When MaryEllen and I asked to put bees out at the historic mill site, we were asked (in exchange!) if we would talk about bees to the summer campers and for some general information sessions during the rest of the year. Snickering to ourselves a bit, we said, "Sure!" It's not like public speaking is our favorite task, it's just that every time we do, the people who attend the sessions give us as much as we give them. It has probably been said here before, but the curiousity, enthusiasm, and thoughtfulness which the bees seem to elicit from people really calms some of my worries about the human race.
That being said, this week is a challenge and a half!
The picture above is of the kids who absolutely won my heart today at the US National Arboretum Youth Garden program. The older kids aren't in the picture, but the group ranges in age from about 6 to 16 years. Yikes! The program teaches kids about food and nature by having them help run a vegetable and butterfly garden not far from here. I expected city kids to be especially afraid of bees, because in the absence of farms, most of the hymenopterae around here are yellowjackets, and even I give them a wide berth.
The best thing I did today was to catch a few bees that got out of the observation colony, and hold them in my hands. The bees are really lovely, and the ones that got out were very small young bees, still all fuzzy and not too good at flying. You can state, until you are blue in the face, that the bees are gentle, but there is nothing like sitting there for a half hour with a little girl exploring your fingers to calm and enchant everyone present.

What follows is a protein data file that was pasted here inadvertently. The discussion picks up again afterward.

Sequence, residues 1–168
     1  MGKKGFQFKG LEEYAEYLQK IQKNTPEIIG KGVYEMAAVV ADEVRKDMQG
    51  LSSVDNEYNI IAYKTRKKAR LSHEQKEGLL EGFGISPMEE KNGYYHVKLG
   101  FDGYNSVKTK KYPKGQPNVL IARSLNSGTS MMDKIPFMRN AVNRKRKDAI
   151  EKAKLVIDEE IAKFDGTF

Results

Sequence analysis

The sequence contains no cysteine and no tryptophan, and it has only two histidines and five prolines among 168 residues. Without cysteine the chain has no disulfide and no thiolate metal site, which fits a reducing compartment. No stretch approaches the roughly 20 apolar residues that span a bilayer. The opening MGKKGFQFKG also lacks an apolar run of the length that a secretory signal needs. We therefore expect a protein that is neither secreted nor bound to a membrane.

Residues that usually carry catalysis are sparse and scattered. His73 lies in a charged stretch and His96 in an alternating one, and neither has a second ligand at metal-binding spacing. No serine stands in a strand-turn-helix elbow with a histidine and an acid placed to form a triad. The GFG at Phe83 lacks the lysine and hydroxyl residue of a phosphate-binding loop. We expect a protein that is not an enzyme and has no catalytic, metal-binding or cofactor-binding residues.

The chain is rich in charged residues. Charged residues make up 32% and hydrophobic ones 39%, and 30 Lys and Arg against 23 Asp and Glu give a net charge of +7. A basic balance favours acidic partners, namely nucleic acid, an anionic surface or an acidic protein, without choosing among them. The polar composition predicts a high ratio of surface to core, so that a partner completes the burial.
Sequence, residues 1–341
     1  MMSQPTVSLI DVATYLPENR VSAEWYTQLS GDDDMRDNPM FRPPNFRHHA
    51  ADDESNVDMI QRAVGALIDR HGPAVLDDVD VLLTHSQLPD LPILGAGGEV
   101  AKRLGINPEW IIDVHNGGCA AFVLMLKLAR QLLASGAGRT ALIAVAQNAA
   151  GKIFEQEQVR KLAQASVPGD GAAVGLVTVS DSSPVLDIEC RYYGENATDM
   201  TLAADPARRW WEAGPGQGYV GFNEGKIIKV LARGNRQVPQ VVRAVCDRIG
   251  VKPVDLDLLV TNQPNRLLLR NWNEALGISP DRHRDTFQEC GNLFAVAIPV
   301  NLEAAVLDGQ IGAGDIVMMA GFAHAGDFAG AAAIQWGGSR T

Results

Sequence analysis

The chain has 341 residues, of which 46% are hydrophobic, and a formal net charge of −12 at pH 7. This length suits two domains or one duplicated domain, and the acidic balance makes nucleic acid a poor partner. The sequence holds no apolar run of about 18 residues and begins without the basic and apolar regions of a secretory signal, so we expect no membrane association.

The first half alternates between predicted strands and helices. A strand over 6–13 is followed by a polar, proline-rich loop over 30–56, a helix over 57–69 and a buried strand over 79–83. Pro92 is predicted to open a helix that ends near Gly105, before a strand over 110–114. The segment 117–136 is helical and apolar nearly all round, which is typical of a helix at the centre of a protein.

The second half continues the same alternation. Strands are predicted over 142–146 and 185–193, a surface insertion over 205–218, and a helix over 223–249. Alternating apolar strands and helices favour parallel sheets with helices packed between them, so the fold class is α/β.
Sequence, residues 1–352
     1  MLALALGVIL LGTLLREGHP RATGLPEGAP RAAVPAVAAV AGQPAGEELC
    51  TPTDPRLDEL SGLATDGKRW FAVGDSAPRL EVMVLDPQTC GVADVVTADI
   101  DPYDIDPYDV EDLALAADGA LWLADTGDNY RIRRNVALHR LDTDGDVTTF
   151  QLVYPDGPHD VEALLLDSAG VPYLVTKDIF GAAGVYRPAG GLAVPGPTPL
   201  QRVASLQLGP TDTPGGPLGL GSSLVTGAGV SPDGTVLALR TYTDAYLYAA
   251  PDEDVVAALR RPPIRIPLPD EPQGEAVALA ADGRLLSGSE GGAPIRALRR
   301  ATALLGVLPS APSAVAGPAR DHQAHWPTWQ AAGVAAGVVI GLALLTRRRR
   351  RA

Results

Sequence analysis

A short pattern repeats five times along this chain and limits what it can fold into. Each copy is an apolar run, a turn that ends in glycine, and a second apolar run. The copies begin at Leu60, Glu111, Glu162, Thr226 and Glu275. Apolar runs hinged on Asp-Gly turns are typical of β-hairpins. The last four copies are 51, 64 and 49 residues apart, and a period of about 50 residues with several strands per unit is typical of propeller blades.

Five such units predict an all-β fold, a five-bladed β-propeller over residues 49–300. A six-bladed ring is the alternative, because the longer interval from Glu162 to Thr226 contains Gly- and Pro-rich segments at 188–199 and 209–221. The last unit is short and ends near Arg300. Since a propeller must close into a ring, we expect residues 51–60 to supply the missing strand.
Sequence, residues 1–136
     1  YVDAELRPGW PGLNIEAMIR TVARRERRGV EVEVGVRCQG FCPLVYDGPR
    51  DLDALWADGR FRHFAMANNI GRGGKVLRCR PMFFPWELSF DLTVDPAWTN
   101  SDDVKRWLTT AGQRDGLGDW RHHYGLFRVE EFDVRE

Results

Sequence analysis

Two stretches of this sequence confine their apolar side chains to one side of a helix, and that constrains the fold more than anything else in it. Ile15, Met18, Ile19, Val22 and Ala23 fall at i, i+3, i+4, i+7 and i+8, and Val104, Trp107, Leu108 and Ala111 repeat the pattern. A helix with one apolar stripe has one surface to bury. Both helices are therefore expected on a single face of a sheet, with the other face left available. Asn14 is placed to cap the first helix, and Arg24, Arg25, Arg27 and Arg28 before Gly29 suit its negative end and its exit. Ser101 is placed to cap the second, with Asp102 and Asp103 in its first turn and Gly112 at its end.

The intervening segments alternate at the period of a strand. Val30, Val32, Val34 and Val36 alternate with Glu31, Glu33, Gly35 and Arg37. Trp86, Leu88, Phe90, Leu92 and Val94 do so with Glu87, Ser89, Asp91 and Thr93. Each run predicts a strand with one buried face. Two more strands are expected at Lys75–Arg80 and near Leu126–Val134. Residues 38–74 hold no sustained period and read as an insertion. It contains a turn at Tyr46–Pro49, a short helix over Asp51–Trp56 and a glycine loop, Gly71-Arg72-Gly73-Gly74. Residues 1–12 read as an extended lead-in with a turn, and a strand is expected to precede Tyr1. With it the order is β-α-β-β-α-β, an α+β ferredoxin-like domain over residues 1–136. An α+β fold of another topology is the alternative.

Before long, kids that declared themselves enemies of bees had their faces pressed against the glass, and asked all sorts of questions about how bee families work and how people work with bees. They sniffed beeswax, ate some comb honey, tried on some bee gear and hefted some tools. We took some pictures, and made friends.
The bees in the observation colony came from Abby's crew up at the Monastery. I tried to catch Abigail, but could not find her in the short time I had. I also failed to grab any drones at all! Drat!
When returning the bees, however, I found Queen Abby, marked her (badly), and vowed to try harder tomorrow...because I am doing it all again for a family group then!
All of which follows our best-yet session at the Mill on Wednesday. MaryEllen took this picture of me waving my hands around with my eyes closed. I seriously thought of taking all 4 shots she got of me, and putting them in a little slide show, so you could see me with mouth open, hands all over the place, and eyes half shut! What a charmer!
Even so, the kids were truly with us this time. They were not jumping up and down with questions as before, but they paid attention, ate a bunch of honey, and had fun trying on bee hats before we took them up the hill to see the open hives. There was a group of girls of exactly the same age to sort of stick together, and watch each other for clues (rather than the bees), which made me a little sad. Even so, it's just a matter of time, I think, before their interest and energy gets the better of peer pressure and they come around to the world of wonder again.
As it stands, one of the non-clique-y girls asked me the best "gotcha" question of the day! She said "If honeybees can sting only once, how can an emerging queen sting her competitors and still survive herself?" I was so proud of that kid. (In case you want to know the answer, the Queen's stinger is not barbed like a worker's, and she can sting more than once. She is only stimulated to sting, however, by the presence — probably by the pheromone emissions — of another queen).
Sounds like she was paying attention alright! Those smart kids make my day: there was one little boy at the Arboretum who asked really good questions about the smoker. Count at least two more friends of bees.